UCLA Researchers Develop 3D ‘Lung Organoids’ as New Tool to Study Lung Diseases

UCLA Researchers Develop 3D ‘Lung Organoids’ as New Tool to Study Lung Diseases

By converting adult lung cells to stem cells, a team of UCLA researchers developed mini-lungs in a culture dish, called lung organoids. This 3D lung tissue can be used to study and develop new treatments for lung diseases, including idiopathic pulmonary fibrosis (IPF).

The study, “Development of a Three-Dimensional Bioengineering Technology to Generate Lung Tissue for Personalized Disease Modeling,” was published in the journal Stem Cells Translational Medicine.

“While we haven’t built a fully functional lung, we’ve been able to take lung cells and place them in the correct geometrical spacing and pattern to mimic a human lung,” Dr. Brigitte Gomperts, an associate professor of pediatric hematology/oncology and the study’s lead author, said in a press release.

Researchers who studied the effects of genetic mutations or drugs on lung cells were confined to two-dimensional cultures, an artificial system that does not reproduce cells’ real organization and hierarchy in living things. In fact, when researchers grew lung cells taken from PF patients into these 2D cultures, the cells appeared healthy and did not mimic the disease.

“Scientists have really not been able to model lung scarring in a dish,” said Gomperts, who is a member of the UCLA Broad Stem Cell Research Center.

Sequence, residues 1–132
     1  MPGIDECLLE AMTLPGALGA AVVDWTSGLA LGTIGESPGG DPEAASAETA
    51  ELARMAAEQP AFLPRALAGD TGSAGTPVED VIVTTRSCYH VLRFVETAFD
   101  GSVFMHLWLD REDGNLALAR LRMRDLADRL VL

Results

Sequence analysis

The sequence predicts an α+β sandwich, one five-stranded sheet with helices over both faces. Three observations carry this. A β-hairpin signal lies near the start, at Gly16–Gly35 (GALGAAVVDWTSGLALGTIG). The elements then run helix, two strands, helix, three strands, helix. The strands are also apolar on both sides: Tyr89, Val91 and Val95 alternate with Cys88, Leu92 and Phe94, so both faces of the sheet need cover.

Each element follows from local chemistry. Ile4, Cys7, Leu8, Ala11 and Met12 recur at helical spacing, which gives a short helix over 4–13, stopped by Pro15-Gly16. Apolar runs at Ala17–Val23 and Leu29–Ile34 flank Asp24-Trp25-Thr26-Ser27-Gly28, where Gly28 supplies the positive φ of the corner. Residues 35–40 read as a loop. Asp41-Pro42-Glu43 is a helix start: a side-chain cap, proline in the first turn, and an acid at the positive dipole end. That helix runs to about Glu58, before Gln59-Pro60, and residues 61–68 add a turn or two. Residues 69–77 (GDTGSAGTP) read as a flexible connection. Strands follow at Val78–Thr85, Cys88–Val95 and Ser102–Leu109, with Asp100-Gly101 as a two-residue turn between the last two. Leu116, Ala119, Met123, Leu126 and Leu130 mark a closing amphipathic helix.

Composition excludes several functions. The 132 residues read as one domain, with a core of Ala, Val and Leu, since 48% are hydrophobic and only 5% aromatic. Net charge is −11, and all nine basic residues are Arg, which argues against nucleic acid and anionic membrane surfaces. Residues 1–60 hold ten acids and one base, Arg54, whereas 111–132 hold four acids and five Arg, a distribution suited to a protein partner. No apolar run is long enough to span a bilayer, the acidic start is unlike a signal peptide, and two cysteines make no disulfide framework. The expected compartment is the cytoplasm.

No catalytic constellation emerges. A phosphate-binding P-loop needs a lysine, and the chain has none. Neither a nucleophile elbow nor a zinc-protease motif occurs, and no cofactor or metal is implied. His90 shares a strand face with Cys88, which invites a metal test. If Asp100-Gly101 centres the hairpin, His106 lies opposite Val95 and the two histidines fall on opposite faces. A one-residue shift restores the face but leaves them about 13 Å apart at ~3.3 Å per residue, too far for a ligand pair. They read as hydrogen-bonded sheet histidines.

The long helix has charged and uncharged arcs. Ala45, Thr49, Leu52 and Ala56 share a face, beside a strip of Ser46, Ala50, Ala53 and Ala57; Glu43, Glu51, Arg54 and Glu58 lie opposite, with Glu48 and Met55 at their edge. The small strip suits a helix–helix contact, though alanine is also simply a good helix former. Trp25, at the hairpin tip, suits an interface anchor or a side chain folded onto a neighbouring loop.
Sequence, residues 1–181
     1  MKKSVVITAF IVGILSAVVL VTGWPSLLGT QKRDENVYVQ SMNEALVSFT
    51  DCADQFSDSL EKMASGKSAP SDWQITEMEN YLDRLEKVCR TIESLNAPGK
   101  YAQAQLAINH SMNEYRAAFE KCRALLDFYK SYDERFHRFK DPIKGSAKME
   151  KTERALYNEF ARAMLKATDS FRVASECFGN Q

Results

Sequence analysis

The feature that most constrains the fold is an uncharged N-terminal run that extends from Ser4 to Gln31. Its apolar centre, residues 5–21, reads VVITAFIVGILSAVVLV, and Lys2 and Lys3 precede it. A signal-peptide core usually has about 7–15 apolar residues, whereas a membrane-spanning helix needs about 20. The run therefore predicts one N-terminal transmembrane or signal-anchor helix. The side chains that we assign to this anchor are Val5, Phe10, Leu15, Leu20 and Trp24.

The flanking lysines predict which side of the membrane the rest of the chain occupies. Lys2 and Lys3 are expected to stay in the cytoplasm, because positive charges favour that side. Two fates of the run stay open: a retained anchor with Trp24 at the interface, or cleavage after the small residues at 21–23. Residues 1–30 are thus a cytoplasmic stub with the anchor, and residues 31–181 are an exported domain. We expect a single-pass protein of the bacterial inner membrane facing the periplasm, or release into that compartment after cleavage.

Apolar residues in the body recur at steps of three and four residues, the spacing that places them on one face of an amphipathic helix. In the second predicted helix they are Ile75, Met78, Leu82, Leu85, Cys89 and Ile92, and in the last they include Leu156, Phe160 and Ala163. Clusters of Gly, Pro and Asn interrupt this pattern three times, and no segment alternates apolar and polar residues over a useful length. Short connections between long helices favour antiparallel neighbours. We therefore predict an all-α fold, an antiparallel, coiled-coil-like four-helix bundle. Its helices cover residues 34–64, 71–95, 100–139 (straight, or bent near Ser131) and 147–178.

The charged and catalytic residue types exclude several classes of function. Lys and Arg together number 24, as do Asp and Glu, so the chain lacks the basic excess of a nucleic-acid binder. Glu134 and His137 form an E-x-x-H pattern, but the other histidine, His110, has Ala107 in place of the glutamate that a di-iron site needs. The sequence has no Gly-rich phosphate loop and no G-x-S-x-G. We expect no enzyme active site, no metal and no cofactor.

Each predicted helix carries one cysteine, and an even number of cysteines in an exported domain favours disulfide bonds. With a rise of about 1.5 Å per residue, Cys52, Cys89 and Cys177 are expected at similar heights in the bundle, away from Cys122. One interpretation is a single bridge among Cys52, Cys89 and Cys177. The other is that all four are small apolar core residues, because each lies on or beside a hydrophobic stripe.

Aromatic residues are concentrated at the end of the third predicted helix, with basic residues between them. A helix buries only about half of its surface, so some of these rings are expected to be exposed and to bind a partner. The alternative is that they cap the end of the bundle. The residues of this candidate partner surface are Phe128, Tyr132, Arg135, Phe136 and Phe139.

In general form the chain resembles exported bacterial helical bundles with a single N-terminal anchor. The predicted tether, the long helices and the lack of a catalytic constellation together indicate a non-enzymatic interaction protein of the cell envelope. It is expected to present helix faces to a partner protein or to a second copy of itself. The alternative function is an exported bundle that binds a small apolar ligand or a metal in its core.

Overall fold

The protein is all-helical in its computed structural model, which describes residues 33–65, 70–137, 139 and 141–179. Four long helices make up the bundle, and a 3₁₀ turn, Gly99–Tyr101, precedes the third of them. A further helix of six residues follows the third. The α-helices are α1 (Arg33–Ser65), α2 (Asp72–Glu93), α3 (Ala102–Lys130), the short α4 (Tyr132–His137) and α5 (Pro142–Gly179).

This inability to fully capture and model in vitro IPF represents a serious obstacle in research toward understanding disease biology and to develop appropriate and effective therapeutics.

Now a team of researchers at the Eli and Edythe Broad Center of Regenerative Medicine and Stem Cell Research at UCLA used stem cells created using lung cells from adult patients with IPF. The cells coated sticky hydrogel beads, which were then divided into small wells, each only 7 millimeters across. Inside each well, the cells formed an evenly distributed 3D lung pattern. These, researchers showed, mimicked the structure of human lungs.

With these newly developed lung organoids, scientists now have a working tool to study the mechanism underlying several lung diseases, including IPF, and an ideal platform to test potential therapies, representing a key step in drug validation before testing in human patients. Importantly, this technique ultimately allows researchers to develop patient-tailored lung organoids.

“This is the basis for precision medicine and personalized treatments,” Gomperts said.

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